[Editors note: This article was first published several years ago after a review of an environmental film. In view of the resignation of EPA head, Lisa Jackson, it is a good time to look at some of the damage done to our world by those following the religion of environmentalism.]
Yesterday I received a rather hostile response to the Copenhagen article. Not only did the reader argue with the facts, but criticized my use of a “non-Christian” source. My initial thoughts were to dash off a quick response to one who obviously is on the enviro bandwagon – one who believes DDT was damaging to both the humans and world we all live in. However, if there is one, I’m sure there are others who may believe this way and because of this, a more in depth discussion is in order. Keeping in mind that books have been written on the subject and the only thing I can do in this venue is hit the high points (or in this case, low points) of the DDT story.
To begin with, as far as citing a “non-Christian” source, here are a few points to ponder. First, I do not know the spiritual circumstances of the filmmakers in question, besides which, all truth is God’s truth. It does not matter who is presenting it. An honest secular scientist when observing and measuring God’s universe will have the same results as a Christian scientist. He may draw different conclusions, or have a different understanding, perhaps, but what he sees, if he wants the truth, will be the truth. There are no Christian microscopes, telescopes, thermometers or even rain gauges.
Second, since the initial criticism was that of a non-Christian film, I have to inquire of the spiritual status of Rachel Carson, who began the DDT panic, as well as those who slavishly followed her in demagoguing the issue to the point of having the life saver banned. The argument cuts both ways. If we are to reject Mr. McAleer’s film, we most like have to reject Ms. Carson’s book.
In 1970 the National Academy of Sciences, through its Committee on Research in the Life Sciences of the Committee on Science and Public Policy noted, “To only a few chemicals does man owe as great a debt as to DDT… In little more than two decades, DDT has prevented 500 million human deaths, due to malaria, that otherwise would have been inevitable.” However after the ban, Africa News ran a story in 1999 that stated, “It is believed that [malaria] afflicts between 300 and 500 million every year, causing up to 2.7 million deaths, mainly among children under five years.” I have no idea if any of these people reporting were Christians, but it does not change the facts.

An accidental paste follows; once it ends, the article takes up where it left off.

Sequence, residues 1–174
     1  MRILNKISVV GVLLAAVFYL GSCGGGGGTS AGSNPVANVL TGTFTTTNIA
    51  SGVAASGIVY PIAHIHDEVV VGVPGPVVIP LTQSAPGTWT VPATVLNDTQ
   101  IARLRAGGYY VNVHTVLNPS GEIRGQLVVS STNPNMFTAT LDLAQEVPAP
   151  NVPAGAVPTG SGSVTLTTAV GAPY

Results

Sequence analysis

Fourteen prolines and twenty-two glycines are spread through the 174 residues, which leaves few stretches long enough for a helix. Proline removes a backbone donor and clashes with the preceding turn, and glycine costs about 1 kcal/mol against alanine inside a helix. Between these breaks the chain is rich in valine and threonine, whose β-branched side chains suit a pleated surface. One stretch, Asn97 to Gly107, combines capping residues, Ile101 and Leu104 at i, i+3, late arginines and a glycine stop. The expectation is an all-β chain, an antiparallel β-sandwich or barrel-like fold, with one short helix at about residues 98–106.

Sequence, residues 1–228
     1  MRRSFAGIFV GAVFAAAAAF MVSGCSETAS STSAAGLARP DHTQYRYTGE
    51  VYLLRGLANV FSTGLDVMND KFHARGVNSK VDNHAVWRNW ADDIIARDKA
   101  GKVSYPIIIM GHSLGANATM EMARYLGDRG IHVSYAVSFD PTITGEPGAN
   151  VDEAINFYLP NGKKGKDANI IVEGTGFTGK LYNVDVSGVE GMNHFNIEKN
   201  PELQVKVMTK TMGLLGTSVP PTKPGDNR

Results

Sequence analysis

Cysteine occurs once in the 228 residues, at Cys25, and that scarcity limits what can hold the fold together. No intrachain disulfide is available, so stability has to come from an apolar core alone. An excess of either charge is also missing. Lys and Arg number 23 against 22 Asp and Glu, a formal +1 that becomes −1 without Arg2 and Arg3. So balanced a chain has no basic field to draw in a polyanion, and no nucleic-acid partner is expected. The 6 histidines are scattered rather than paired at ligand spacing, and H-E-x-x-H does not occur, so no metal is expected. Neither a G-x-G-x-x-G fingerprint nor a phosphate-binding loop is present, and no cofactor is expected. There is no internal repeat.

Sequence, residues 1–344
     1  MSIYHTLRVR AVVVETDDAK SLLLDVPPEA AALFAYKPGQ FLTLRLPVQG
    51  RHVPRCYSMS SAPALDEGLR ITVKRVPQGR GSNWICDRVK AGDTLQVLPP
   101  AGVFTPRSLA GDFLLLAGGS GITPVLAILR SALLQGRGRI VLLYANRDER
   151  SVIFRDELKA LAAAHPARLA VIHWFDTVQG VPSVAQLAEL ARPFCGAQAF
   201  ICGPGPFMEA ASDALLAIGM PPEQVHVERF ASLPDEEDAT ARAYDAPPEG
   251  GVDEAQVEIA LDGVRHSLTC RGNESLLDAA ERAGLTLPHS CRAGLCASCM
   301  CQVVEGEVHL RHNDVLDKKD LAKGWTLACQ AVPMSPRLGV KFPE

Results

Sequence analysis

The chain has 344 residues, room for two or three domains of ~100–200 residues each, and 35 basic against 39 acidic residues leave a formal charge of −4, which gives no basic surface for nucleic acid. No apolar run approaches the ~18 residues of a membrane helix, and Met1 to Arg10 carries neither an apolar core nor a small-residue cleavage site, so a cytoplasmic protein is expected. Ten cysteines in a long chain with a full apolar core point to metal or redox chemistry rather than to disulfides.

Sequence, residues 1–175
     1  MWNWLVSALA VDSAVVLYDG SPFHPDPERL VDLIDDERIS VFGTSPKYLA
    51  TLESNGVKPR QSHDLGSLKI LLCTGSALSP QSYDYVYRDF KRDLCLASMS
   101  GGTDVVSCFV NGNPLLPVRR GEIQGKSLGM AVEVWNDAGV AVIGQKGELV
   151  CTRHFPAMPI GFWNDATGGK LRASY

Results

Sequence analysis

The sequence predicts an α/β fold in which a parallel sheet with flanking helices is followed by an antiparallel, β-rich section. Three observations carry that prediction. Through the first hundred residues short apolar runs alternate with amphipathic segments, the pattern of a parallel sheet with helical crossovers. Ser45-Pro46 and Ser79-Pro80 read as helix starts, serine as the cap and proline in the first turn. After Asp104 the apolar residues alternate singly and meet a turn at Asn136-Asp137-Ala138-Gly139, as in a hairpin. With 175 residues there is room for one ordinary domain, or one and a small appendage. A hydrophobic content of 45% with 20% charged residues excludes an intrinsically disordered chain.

In his book, Malaria Capers, Robert Desowitz writes, “Population control advocates blamed DDT for increasing third world population. In the 1960s, World Health Organization authorities believed there was no alternative to the overpopulation problem but to assure than up to 40 percent of the children in poor nations would die of malaria. As an official of the Agency for International Development stated, ‘Rather dead than alive and riotously reproducing.’” As people who understand the value of each individual, we cannot accept or tolerate this kind of thinking. We are told that there are other ways to destroy the mosquitoes, yet even they are not used… and the children continue to die.
After an extensive seven months of hearings running through 1972, EPA hearing examiner, Judge Edmund Sweeney, concluded that “DDT is not a carcinogenic hazard to man… DDT is not a mutagenic or teratogenic hazard to man… The use of DDT under the regulations involved here do not have a deleterious effect on freshwater fish, estuarine organisms, wild birds or other wildlife.” Ignoring this opinion, EPA administrator Donald Ruckelshaus, who was a member of the Environmental Defense Fund, issued a ban on DDT, even though he did not once attend the hearing and his aids contend he did not even read the transcript. Following this, he even refused Freedom of Information Act requests for the data he based his decision upon.
Rachel Carson and others claimed DDT to be a carcinogen, yet researchers have not been able to support this contention… not even after feeding primates 33,000 times the daily intake of the average human! Likewise the purported egg shell thinning could not be supported by serious researchers… even though they tried. Lead, oil, mercury and stress from a noisy environment have been shown to cause thinner egg shells… but not DDT!
Our First Amendment reads, “Congress shall make no law, respecting an establishment of religion…” Yet, our government is promoting and practicing the religion of environmentalism as it throws more and more road blocks in the way of those celebrating the real reason for the Christmas season. Environmentalism can only be viewed as a religious practice as it is accepted by many in spite of the reality that much of the doctrine is based, not on data, but on a computer model than never has been verified and gives us results that fall directly in line the environmental orthodoxy.